Charlotte Napier has much to learn about herself, her faith, and her marriage. She flees to Portugal, desperately looking for comfort after the death of her son and, she thinks, her marriage. There she finds solace in the letters of a 17th century nun who struggled with temptation and sin. AAs Charlotte achieves a clearer focus on her own pain, she gains a powerful sense of the rigorous and demanding nature of real love.
Madeleine L’Engle has been my favorite author since grade school when I read “The Time Quartet”, then I found other children’s books of hers and felt kinship with the characters, the far-flung places Madeleine created, the fun storylines and so on. My favorite book of hers is ‘The Severed Wasp”, a continuation of one of the children’s books, the adults all grown up in a new and interesting storyline, one I could identify with on some level.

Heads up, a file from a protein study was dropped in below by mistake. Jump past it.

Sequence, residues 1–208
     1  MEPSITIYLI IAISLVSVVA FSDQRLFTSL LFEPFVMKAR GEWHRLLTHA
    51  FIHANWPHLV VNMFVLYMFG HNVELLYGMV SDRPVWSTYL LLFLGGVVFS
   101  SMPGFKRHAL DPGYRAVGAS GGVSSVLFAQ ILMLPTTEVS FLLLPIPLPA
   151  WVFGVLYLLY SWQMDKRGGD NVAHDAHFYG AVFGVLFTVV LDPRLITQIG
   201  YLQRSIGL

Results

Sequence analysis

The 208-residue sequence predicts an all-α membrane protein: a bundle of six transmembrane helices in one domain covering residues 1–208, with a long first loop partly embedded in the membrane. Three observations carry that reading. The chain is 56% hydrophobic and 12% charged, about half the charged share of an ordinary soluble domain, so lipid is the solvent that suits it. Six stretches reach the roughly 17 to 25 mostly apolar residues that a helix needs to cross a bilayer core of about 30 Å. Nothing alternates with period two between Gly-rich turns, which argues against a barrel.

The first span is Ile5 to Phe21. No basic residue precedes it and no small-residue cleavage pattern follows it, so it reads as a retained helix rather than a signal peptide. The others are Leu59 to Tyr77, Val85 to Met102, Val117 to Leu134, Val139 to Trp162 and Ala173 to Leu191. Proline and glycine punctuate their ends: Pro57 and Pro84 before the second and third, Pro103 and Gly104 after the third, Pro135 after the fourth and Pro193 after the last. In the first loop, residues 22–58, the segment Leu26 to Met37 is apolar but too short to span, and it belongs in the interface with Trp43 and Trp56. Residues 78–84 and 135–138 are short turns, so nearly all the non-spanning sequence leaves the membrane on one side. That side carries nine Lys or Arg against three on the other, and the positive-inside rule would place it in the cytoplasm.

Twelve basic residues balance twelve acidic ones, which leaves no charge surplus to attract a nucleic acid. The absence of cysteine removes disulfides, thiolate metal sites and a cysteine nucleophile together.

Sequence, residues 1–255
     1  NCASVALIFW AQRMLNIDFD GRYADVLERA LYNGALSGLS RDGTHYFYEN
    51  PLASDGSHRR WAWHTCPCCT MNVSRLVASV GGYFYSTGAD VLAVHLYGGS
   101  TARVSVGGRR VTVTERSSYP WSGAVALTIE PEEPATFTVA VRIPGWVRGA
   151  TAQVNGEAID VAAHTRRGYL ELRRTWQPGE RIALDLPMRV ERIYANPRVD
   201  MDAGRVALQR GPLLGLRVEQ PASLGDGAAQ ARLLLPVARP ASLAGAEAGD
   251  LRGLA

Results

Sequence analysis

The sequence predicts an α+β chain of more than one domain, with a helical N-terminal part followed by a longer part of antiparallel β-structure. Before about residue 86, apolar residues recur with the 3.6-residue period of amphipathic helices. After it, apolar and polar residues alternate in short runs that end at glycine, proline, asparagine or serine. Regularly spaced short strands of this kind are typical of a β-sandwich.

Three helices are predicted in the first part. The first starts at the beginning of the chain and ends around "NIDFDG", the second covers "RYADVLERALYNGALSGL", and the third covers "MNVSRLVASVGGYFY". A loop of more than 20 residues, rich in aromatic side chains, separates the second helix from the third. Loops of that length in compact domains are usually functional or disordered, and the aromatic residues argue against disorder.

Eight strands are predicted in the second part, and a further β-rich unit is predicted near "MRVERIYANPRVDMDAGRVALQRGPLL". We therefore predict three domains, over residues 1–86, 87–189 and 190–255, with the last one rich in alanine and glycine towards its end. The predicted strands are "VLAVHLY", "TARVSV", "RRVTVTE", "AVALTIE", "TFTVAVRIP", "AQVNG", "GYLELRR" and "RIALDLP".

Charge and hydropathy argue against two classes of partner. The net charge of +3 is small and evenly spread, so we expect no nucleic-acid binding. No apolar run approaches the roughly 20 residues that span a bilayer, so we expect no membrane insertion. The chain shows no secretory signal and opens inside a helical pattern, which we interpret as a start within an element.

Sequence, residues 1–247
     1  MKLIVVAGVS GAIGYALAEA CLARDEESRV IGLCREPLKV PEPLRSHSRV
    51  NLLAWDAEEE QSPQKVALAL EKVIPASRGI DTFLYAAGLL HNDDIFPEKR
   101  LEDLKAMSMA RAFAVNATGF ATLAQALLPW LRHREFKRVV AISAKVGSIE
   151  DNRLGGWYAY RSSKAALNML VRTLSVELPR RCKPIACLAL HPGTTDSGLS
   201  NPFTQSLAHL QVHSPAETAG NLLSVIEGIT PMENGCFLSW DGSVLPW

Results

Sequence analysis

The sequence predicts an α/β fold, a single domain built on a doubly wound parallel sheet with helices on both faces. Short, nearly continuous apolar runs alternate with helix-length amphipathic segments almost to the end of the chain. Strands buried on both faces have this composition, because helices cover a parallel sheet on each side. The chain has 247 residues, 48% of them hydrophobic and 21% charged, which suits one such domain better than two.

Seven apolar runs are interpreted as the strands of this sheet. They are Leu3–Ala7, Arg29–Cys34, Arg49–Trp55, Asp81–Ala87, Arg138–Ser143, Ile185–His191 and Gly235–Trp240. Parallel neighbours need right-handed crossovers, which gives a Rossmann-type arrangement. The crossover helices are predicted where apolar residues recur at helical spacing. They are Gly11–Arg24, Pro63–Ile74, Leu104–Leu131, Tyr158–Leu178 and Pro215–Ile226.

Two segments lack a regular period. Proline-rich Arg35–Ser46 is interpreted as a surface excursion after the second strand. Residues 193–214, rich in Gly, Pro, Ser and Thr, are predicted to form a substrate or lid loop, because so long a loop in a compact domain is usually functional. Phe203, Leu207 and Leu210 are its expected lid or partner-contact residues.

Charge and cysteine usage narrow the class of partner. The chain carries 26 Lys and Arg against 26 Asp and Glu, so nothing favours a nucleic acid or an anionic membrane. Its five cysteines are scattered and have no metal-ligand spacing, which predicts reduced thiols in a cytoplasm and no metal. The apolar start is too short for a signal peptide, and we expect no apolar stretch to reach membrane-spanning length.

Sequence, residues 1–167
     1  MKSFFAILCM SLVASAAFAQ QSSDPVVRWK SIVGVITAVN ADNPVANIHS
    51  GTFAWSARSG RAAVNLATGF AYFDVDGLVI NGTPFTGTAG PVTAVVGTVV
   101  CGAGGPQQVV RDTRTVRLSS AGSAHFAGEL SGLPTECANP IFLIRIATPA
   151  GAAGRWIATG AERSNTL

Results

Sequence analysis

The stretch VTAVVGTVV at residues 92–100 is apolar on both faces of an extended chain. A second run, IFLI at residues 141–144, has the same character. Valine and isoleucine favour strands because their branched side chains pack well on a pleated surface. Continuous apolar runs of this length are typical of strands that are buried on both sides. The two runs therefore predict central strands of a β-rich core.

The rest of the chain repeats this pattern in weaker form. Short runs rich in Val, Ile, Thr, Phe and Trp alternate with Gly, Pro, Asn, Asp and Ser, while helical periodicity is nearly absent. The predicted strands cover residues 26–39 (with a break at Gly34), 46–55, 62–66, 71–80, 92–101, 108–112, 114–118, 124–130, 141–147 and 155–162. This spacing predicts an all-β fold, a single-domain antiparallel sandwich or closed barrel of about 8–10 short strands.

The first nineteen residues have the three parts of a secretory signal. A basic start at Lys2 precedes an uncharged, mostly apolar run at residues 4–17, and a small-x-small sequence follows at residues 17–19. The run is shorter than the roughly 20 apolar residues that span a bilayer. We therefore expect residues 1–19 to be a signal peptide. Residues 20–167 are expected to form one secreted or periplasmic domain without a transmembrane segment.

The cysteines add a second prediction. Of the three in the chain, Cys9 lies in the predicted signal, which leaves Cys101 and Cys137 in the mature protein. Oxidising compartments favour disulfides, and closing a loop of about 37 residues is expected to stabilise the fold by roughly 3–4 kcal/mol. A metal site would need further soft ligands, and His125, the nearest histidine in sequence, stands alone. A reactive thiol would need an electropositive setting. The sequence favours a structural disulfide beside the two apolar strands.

I came across “The Love Letters” at a used bookstore on their dollar ‘tree’ display in the basement. I’ve read some of her other adult books, “A Live Coal in the Sea” and “Certain Women” and loved them. I snatched up this book and was not disappointed! That it was based on real live letters from a Portuguese Nun from the 17th century was certainly intriguing and certainly not disappointing!
The story intertwines a modern day Charlotte who’s husband had cheated on her, causing her to question her marriage vows and her place in life. She find the agonizing, beautiful centuries old letters of a Nun having her own ‘crisis of faith’, literally, as she describes her love of a soldier, questioning her vows of her order.
Madeleine L’Engle beautifully describes the hurt, the hunger of a lost love, the feelings of desperation and so on. I do question the ending of the novel but that does not take away from the descriptions of the convent, the countryside, the travels and so on.
I would give two enthusiastic thumbs-up and a 5-star rating!